Wednesday 18 Jul 2018 | 22:57 | SYDNEY
Wednesday 18 Jul 2018 | 22:57 | SYDNEY

Matters arising from our debate


Sam Roggeveen


This post is part of the Women and the foreign policy commentariat debate thread. To read other posts in this debate, click here.

2 September 2011 15:29

This post is part of the Women and the foreign policy commentariat debate thread. To read other posts in this debate, click here.

This email from Olivia Kember deserves a response. My thoughts are below the fold:

I was very disappointed by your response to Jennifer Bennett. OK, her sarcasm was OTT, but you didn't rebut her arguments; you mainly attacked her style. And I think you repeated Rodger Shanahan's initial error — surely if you all agree 'the female perspective is under-appreciated' you go find some female views! If 'the only Interpreter writer to do something about it' was Rodger, perhaps your editorial team should do something more. After all, as one of Australia's leading foreign policy blogs you're extremely well-placed to encourage a greater diversity of opinion.

I'm sympathetic to Rodger's point that women may prefer 'more intimate modes of communication', if only because I agree with Susannah Patton's comments and I personally find dialogue more constructive than the solo microphone of an op-ed. But is it true? If so, would it help if the Interpreter's format were more conversational?

Is it false? Are other explanations more pertinent? Readers have suggested a lack of time by mid-career women; lower priority given to 'women's' security issues; male cronyism. Are there any ways in which the Lowy can address these? This is of course assuming that you think it's worth the effort to bring in more female opinions.

Anyway, thanks to a number of respondents you've now been presented with an exhaustive list of female commentators on security issues. I'd be interested in learning what you're going to do with it.

There are three issues here, which I will take in turn: (1) style and substance in blog debates; (2) comments policy; and (3) the level of female participation on The Interpreter.

Style and substance

Olivia is right. I did not rebut all the arguments in Jennifer Bennett's email, partly because I knew Rodger would prepare his own reply, and partly because, as I said in the piece, I thought Jennifer raised two important points. But I don't apologise for focusing on style, and I think Olivia draws too sharp a distinction between style and substance. In written debates, the two are intimately linked.

Note today's contribution from Rocchetta and Milligan, which strikes a firm but never strident tone. Some might mistake this for meekness or an unwillingness to risk confrontation, but what it's really about is a recognition that tone plays a large part in determining whether you actually convince anyone of your point of view.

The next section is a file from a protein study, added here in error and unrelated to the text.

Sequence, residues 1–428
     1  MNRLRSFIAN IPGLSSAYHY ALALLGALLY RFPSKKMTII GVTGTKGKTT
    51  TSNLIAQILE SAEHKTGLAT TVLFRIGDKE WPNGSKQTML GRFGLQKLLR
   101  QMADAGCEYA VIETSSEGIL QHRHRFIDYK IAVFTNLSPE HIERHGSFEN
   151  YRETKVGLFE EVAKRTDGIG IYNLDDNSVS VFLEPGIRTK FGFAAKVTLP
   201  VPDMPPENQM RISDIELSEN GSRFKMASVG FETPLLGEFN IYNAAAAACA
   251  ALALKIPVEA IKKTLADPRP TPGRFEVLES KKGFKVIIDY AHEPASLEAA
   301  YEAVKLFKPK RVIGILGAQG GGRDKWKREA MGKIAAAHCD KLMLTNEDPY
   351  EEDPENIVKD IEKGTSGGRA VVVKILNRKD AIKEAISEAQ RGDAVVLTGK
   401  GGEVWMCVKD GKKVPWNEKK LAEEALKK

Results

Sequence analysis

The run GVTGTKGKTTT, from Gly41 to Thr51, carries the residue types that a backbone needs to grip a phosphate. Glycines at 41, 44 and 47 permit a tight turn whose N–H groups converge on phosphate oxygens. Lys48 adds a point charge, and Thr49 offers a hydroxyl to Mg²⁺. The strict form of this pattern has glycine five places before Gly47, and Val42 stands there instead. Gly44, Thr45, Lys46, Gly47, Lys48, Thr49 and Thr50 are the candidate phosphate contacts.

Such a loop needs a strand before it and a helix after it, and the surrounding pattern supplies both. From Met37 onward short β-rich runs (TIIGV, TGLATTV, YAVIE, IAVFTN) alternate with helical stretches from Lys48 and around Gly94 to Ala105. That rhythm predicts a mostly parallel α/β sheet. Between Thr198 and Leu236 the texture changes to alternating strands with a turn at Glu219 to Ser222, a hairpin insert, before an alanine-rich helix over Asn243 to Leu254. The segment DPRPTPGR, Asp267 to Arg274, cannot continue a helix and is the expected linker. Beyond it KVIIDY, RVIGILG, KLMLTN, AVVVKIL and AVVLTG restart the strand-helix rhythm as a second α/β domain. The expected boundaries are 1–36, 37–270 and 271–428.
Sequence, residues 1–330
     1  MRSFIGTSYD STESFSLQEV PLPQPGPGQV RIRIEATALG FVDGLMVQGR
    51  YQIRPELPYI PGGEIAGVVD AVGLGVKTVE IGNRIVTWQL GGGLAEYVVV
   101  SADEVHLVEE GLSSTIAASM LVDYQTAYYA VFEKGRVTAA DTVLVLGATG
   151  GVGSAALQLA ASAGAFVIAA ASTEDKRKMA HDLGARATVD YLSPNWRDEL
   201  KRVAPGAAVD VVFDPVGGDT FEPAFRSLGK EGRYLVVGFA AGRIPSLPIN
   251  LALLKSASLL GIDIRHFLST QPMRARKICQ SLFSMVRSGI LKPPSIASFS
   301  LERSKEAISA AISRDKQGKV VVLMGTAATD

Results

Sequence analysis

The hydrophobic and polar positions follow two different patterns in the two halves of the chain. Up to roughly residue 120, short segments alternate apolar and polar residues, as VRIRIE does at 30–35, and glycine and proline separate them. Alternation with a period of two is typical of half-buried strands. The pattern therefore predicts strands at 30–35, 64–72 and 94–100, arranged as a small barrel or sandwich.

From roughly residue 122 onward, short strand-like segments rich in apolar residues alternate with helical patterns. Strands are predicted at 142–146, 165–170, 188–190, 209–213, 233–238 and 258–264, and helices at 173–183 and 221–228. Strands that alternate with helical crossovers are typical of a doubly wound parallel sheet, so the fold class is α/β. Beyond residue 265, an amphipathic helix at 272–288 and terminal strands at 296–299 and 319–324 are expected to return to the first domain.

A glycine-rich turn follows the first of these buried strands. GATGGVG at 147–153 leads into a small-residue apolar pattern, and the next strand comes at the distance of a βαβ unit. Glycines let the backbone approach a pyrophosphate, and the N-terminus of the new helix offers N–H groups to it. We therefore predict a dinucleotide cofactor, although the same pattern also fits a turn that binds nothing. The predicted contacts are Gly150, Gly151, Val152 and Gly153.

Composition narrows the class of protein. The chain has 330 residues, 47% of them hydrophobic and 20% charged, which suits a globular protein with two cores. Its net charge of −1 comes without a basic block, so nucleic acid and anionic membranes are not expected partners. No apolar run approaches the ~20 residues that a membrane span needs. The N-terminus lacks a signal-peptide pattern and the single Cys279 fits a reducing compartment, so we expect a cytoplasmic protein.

Comments policy

I take it that Olivia's reference to a more conversational format on The Interpreter alludes to the fact that, unlike most blogs, we don't have open comment threads. There are various 'negative' reasons for this, but I actually think this debate showcases a strength of our approach, in which comments emailed to us are selected by our editorial team for publication on the site (a format, BTW, which I stole from Andrew Sullivan).

For the most part, the reader feedback we have received on this issue has been of outstanding quality, and I think it would have been a shame to see that material relegated to a comments-section ghetto. As it was, we featured those comments prominently as Reader Ripostes, and as a result I think the writer at centre of the debate, Rodger Shanahan, had much more incentive to respond to them. Had they been relegated to a comments thread, they would have been much easier to ignore.

Female participation on The Interpreter

My rough estimate is that only 5-10% of contributions to The Interpreter come from women. Olivia Kember asks what I am going to do about this. The obvious solution is to approach more qualified women and invite them to write.

The Interpreter is in the fortunate position of not having to solicit a great deal of content. Writers send stuff to us, and we work with them to make it publishable. There are slow periods where we go in search of material, and we are trying to find young writers in the Asia Pacific who can report on issues that get too little attention in Australia. But on the whole, we have enough quality supply of content to keep us busy. So, it's a supply-driven model, and overwhelmingly, the supply comes from men.

Yes, I'm always looking for new contributors, but generally these come via tips and introductions from colleagues and contacts. I almost never 'cold call' people to ask them to write for The Interpreter, partly because I don't have to, but also because it's not very productive. The best contributors are those who are motivated to write (we don't pay), and who know and like the site from having read it. So just sending a bunch of invites to female academics and commentators doesn't strike me as a promising strategy.

All that said, I'm open to ideas as to how we can attract more female contributors to the site. But equally, potential women contributors reading this don't need to wait to be asked. Pitch me your ideas on .